Friday, July 20, 2012

Gap Up Stocks: A123 Systems, Pluristem Therapeutics, Merrimack & StemCells

U.S. stocks gaped down this morning after recent rally on Friday. However, there are several stocks which are showing solid gains:-

A123 Systems, Inc.(NASDAQ:AONE) shares are showing solid recovery in the opening session on Friday with a gain of 21.40% to $0.839 on hefty volume after the company reached with China's Ray Power Systems to supply a 2MW grid energy storage system. Though 2MW may not sound like much, Ray Power proclaims the deal will "validate the technical capabilities" of grid storage, and A123 is hopeful it will open up new opportunities in China. Selling energy tech in the country has its risks, as American Superconductor and Maxwell can vouch.

Can AONE Bounce back above $1 Mark? Find Free Trend Analysis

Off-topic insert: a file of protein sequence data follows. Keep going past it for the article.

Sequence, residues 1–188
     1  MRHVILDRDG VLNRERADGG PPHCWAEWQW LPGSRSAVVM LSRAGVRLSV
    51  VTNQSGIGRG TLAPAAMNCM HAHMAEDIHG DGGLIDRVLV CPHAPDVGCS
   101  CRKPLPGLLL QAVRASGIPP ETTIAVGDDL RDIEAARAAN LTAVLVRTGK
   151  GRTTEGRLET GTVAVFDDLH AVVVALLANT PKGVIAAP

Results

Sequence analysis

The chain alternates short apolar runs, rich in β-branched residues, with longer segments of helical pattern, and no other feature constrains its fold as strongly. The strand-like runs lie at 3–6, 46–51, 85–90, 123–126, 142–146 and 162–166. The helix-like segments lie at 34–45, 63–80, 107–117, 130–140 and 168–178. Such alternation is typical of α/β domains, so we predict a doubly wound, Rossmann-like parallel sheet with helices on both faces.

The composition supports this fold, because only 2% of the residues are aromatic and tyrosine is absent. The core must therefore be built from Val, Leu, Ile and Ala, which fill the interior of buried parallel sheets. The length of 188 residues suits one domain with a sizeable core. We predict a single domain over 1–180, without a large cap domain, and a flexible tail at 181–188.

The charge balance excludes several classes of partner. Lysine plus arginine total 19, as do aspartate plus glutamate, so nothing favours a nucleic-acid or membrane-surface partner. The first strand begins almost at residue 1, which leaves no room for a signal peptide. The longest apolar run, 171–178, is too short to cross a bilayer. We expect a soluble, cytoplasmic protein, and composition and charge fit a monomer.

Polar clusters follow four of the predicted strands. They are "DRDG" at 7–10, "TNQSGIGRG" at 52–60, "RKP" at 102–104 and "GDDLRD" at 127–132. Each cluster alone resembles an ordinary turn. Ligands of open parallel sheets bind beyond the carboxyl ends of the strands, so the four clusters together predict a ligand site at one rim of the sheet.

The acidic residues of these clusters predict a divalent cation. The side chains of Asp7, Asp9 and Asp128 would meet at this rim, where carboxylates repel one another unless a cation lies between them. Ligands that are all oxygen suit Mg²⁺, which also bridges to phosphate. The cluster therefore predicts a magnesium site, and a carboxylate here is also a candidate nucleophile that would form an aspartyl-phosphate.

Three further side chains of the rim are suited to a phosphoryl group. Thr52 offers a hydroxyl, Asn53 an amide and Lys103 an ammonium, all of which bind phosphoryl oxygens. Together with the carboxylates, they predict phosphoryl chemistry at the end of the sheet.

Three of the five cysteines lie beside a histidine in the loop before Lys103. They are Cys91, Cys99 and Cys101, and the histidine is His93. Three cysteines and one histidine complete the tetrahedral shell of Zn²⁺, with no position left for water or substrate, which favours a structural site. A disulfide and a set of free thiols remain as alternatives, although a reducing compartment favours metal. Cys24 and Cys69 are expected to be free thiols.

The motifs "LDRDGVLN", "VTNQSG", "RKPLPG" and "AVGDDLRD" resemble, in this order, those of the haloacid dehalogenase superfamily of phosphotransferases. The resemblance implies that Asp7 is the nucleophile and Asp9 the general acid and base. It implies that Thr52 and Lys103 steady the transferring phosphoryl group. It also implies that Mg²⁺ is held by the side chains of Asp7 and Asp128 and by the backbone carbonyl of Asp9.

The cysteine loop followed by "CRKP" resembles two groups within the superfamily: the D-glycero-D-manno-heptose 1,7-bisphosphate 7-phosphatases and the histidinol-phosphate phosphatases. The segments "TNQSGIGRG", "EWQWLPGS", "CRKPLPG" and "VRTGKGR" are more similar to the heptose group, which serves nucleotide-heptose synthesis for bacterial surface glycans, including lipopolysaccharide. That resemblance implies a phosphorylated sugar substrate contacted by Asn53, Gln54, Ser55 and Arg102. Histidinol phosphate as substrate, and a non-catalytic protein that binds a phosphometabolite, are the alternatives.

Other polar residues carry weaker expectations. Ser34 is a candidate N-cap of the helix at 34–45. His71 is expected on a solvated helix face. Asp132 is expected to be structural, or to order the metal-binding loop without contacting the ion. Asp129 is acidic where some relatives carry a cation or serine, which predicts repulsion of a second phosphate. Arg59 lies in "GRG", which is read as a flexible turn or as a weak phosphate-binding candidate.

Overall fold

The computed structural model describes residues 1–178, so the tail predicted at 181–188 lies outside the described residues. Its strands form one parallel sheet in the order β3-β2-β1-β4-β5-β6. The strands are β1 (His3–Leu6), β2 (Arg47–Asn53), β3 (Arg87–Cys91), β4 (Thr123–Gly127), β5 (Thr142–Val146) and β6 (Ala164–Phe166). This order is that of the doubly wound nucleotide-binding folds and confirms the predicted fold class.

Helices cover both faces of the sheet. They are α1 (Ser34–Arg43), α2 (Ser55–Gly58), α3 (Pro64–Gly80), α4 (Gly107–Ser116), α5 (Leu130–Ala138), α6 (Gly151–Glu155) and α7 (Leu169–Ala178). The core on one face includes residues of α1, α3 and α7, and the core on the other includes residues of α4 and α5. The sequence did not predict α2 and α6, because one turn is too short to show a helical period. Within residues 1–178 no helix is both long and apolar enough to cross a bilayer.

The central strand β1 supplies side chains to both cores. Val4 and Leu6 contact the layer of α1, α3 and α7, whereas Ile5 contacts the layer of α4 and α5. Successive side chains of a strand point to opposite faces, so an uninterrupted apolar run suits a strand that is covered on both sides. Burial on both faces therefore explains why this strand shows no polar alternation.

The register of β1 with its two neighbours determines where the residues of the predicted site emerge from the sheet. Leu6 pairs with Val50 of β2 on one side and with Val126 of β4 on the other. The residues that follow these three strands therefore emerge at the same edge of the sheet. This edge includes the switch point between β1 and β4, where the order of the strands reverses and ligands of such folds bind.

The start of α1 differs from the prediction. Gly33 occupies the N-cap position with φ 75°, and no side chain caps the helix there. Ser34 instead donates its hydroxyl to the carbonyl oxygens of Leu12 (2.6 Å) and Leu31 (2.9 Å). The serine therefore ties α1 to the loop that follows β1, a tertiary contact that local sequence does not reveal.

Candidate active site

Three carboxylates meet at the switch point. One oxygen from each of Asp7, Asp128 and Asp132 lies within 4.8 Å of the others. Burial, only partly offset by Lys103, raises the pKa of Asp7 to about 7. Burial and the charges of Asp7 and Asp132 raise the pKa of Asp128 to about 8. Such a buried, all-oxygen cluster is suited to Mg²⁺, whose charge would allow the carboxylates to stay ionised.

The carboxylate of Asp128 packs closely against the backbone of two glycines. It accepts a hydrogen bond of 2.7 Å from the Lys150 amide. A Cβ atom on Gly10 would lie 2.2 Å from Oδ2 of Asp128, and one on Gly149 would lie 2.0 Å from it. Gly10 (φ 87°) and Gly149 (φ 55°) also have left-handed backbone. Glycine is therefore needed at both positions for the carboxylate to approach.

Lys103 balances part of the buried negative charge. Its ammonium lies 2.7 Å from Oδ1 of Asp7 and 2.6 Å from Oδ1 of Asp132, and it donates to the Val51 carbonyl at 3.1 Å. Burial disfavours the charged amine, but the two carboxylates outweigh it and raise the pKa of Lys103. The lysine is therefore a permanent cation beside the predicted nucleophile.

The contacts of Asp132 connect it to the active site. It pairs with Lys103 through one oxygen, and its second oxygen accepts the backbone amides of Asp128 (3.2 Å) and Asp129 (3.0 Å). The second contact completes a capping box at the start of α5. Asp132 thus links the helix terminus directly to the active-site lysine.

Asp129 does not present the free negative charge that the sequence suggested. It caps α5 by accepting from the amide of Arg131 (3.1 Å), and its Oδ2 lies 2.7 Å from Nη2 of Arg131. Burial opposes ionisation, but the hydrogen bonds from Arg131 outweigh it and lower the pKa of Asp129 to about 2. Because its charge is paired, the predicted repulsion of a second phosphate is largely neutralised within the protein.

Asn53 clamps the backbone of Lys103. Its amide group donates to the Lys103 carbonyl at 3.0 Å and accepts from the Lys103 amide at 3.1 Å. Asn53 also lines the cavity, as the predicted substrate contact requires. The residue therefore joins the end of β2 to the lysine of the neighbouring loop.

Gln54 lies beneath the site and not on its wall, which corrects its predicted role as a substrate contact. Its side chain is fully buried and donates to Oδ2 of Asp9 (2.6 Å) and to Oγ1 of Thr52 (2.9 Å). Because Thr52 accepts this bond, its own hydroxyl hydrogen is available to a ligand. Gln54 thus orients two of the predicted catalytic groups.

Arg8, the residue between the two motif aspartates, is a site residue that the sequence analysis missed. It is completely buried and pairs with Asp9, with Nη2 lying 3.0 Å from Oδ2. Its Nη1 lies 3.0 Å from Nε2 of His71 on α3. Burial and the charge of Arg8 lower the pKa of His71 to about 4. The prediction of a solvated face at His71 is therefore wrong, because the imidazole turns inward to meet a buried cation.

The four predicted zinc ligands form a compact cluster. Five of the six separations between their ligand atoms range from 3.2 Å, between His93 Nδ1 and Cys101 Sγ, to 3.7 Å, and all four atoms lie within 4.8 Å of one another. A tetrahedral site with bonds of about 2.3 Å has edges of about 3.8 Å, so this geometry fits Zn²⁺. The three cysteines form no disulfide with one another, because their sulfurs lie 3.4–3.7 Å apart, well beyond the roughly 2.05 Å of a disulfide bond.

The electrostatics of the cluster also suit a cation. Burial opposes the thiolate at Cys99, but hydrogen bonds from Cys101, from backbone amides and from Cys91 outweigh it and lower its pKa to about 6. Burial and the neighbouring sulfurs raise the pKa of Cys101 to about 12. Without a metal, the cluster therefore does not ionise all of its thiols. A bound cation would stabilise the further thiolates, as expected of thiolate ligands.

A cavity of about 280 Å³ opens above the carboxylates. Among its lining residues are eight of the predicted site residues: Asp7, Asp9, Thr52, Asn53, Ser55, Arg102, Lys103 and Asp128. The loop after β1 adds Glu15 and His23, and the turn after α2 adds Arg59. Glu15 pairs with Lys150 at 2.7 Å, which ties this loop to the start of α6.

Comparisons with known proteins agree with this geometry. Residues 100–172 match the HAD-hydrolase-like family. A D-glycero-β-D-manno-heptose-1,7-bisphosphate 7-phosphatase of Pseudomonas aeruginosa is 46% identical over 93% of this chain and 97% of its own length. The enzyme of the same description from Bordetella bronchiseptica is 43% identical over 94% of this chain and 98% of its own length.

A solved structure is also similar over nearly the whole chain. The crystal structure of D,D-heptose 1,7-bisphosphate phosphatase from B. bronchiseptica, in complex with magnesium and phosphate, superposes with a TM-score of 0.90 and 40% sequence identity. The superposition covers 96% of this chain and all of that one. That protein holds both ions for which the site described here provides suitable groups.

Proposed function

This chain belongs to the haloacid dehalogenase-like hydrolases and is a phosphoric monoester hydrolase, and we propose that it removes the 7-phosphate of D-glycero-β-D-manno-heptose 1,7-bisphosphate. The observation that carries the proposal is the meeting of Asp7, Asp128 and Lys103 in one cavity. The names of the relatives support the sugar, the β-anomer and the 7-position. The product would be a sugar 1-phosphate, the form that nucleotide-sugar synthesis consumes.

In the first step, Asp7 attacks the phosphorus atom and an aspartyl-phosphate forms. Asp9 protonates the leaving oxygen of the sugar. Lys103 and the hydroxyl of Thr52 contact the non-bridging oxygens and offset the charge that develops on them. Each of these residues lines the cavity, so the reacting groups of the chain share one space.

Pluristem Therapeutics Inc.(NASDAQ:PSTI) extended its prior session’s gain and rose 15.62% to $3.70 after creating a new 52-week high of $3.85. Yesterday, the stock ended higher by 19% after the Israeli biotech company announced that CPC Clinical Research will be managing the company's upcoming Phase II clinical trial for its proprietary stem-cell therapy in the treatment of peripheral artery disease. Pluristem said that CPC is a specialist in conducting clinical trials for the condition.

How Should Investors Trade PSTI after Recent Rally, Get Trend Analysis

Merrimack Pharmaceuticals Inc(NASDAQ:MACK) added 9% to $7.89 and made a new 52-week high of $9.20 earlier in the session. Earlier this week, the company announced the election of James Quigley, CEO emeritus of Deloitte Touche Tohmatsu, Limited (the Deloitte Global Network), to its Board of Directors. Merrimack is a biopharmaceutical company dedicated to the discovery and development of novel medicines for the treatment of cancer.

Get Trend Analysis on MACK

StemCells, Inc.(NASDAQ:STEM) added 13% to $1.58. Earlier this week, the company announced preclinical data demonstrating that its proprietary human neural stem cells restored memory and enhanced synaptic function in two animal models relevant to Alzheimer's disease (AD). The data was presented today at the Alzheimer's Association International Conference 2012 in Vancouver, Canada.

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